The most extreme climate impacts predicted in Europe are an increased likelihood of extreme rainfall events and overall increased rainfall (Northern Europe) (IPCC 5th Assessment Report, Europe, p2175). The UK is set to see about a 10% rise in annual average rainfall by 2100 (IPPC 5th Assessment Report, Summary for Policymakers p20). This coupled with climate change’s effect on the direction of jet streams, means that the UK is starting to get exposed to sequences of storms and heavy downpours which provide the conditions for ongoing increased instances of flooding (Met Office, Report: The Recent Storms and Floods in the UK, 2014).

 

Learning if you live in a potential flood zone and preparing yourself, your friends, and family as well as your community for the next flood, will save lives as well as decrease damage to your home and greater community.

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Frequent Flooding

Climate change and it’s subsequent sea level rise, stronger storms and more extreme storms all add up to more frequent flooding for many coastal cities. This inundation of water creates chronic problems for homes and a city’s infrastructure.

 

So-called “nuisance flooding” has increased in coastal communities, flooding occurs now with most high tides, overwhelming stormwater infrastructure and leaving entire neighborhoods damaged,  and city infrastructure crippled. The term “nuisance” belies the major disruption this causes on lives and livelihoods. Repeated and frequent floods also cause stress and health issues from recurrent problems like mold and encountering waters containing toxins.

Higher sea levels give coastal storm surges a higher starting point when major storms approach, launching water up along the shore. The resulting storm surge reaches higher and penetrates further inland in low-lying areas. The risk is even greater if storms make landfall during high tides.

For more information: Union of Concerned Scientists, Hurricanes and Climate Change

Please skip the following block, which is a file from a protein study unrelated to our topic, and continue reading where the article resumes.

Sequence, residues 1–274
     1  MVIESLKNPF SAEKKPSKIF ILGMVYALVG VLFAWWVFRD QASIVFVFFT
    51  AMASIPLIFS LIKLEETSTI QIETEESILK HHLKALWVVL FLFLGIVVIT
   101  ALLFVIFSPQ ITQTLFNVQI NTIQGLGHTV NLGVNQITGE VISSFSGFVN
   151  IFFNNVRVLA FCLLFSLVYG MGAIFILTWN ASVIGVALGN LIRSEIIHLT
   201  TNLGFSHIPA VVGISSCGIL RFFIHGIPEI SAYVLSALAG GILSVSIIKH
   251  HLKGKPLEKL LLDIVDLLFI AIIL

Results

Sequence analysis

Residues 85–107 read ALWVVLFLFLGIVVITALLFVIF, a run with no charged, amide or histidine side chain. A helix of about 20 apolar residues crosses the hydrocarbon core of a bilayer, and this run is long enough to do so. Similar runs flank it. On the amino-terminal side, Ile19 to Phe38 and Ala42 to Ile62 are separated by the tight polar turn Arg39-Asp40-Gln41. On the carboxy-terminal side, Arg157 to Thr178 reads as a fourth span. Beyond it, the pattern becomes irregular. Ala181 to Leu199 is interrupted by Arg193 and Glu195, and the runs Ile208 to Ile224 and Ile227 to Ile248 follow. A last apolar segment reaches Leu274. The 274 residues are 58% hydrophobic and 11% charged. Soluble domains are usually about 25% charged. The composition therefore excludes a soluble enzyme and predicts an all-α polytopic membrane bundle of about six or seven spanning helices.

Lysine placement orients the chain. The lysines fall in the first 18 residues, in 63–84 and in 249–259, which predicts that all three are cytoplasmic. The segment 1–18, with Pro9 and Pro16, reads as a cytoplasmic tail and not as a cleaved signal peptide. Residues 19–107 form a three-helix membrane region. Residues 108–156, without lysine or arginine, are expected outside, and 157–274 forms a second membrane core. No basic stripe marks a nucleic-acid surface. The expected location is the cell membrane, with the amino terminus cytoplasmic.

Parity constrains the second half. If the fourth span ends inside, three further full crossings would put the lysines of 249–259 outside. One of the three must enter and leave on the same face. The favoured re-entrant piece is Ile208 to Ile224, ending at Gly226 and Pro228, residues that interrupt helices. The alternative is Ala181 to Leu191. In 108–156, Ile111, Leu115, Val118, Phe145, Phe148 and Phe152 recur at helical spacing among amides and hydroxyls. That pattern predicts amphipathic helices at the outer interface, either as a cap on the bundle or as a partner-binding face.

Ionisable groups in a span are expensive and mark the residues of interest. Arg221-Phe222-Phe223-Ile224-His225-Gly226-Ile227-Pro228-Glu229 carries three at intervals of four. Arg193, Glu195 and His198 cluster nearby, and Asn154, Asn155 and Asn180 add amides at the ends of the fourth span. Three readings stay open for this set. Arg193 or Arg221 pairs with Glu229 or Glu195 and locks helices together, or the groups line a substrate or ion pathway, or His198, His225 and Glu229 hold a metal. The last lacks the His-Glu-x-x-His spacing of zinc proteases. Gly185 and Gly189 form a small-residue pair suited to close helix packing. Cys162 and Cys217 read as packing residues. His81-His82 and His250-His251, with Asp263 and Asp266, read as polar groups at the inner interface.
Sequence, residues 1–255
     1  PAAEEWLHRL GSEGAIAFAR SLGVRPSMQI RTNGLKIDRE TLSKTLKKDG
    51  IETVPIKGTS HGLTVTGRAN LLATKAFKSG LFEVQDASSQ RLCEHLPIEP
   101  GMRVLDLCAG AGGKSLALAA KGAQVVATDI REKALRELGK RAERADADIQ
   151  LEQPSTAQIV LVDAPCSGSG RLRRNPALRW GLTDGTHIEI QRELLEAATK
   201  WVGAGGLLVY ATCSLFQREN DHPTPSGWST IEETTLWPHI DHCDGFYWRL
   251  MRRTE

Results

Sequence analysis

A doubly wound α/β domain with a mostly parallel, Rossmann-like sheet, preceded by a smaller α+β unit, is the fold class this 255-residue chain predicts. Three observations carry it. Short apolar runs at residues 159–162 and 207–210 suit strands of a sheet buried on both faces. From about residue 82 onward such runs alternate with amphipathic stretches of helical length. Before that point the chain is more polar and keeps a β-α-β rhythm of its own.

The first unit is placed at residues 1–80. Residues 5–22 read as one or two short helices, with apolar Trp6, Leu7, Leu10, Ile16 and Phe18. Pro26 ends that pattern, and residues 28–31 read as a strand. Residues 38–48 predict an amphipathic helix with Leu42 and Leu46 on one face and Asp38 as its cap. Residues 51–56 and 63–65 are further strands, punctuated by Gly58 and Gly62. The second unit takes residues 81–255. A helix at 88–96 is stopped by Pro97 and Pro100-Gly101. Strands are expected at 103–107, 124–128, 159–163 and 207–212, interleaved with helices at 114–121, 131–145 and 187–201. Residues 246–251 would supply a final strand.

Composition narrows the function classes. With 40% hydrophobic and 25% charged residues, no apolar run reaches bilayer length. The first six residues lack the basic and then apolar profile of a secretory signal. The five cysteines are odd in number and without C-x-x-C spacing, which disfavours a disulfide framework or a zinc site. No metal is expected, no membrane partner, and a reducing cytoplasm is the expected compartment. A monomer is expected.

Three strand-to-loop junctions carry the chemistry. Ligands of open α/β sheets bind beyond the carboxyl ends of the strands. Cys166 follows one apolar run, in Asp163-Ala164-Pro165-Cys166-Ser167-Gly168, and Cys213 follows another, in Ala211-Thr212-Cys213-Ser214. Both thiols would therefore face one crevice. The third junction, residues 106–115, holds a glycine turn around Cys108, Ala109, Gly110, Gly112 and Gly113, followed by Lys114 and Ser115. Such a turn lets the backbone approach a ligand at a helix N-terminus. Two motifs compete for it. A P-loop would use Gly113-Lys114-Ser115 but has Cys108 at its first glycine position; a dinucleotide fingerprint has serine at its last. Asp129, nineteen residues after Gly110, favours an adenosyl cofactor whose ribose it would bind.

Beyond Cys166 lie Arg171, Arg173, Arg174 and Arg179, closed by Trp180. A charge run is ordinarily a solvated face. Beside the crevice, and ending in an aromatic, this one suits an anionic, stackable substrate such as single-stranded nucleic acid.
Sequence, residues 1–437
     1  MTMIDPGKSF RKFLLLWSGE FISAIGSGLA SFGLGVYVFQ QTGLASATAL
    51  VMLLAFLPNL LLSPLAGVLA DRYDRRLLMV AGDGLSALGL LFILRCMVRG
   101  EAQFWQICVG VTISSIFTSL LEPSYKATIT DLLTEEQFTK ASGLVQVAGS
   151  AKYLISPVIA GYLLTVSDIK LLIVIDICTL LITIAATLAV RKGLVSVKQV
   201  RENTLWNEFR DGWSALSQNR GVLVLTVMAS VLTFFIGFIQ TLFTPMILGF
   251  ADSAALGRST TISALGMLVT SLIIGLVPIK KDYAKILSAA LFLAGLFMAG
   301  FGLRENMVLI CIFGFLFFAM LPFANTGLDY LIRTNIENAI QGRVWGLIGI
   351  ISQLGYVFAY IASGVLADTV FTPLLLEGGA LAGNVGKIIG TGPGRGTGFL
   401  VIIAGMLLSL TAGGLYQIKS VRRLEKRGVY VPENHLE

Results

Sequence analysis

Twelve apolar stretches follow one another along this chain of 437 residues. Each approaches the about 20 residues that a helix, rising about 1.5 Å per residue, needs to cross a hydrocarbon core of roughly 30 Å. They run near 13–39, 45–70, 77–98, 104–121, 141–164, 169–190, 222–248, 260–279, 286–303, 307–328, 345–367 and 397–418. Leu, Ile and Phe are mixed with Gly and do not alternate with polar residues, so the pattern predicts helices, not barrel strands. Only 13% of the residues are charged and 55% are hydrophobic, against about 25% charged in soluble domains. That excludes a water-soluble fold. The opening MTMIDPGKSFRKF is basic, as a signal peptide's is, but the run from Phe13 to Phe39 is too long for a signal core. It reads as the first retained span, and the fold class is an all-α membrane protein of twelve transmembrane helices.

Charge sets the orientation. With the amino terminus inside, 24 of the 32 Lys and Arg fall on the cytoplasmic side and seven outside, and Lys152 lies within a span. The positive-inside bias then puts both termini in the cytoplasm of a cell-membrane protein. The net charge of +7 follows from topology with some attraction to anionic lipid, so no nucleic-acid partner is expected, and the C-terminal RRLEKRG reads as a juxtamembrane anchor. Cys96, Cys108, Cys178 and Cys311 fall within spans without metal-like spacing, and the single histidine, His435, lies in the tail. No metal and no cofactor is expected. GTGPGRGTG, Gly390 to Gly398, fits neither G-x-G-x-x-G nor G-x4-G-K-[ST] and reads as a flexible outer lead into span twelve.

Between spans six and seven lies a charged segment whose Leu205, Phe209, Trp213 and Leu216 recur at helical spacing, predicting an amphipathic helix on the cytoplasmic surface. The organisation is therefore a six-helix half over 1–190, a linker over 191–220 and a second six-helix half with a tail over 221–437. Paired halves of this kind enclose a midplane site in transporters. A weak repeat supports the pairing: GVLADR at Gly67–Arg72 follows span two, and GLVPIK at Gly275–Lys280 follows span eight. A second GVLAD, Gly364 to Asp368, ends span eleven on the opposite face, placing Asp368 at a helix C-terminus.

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Additional Resources

DATA RESOURCES

NASA Global Climate Change – “The mission of “Global Climate Change: Vital Signs of the Planet” is to provide the public with accurate and timely news and information about Earth’s changing climate, along with current data and visualizations, presented from the unique perspective of NASA, one of the world’s leading climate research agencies.”

NOAA – “NOAA Climate.gov provides timely and authoritative information about climate. We promote public understanding of climate science and climate-related events through videos, stories, images, and data visualizations; we make common data products and services easy to access and use; and we provide tools and resources that help people make informed decisions about climate risks, vulnerability, and resilience.”

International Panel on Climate Change – “The Intergovernmental Panel on Climate Change (IPCC) is the international body for assessing the science related to climate change. The IPCC was set up in 1988 by the World Meteorological Organization (WMO) and United Nations Environment Programme (UNEP) to provide policymakers with regular assessments of the scientific basis of climate change, its impacts and future risks, and options for adaptation and mitigation.”

Climate Central – “An independent organization of leading scientists and journalists researching and reporting the facts about our changing climate and its impact on the American public.”

START – “START promotes research-driven capacity building to advance knowledge on global environmental change in Africa and Asia-Pacific.”

Environment Agency – “We work to create better places for people and wildlife, and support sustainable development. EA is an executive non-departmental public body, sponsored by the Department for Environment, Food & Rural Affairs.”

EDUCATIONAL RESOURCES

The Alliance for Climate Education (a U.S. based organization) has a wealth of free resources and activities for teachers.

NASA Climate Change Resources for Educators

NOAA Teaching Climate

Teach Climate from Climate UK

FLOOD MAPS

FEMA Flood Maps for the United States

Environment Agency Flood Maps for the UK

European Commission Flood Mapping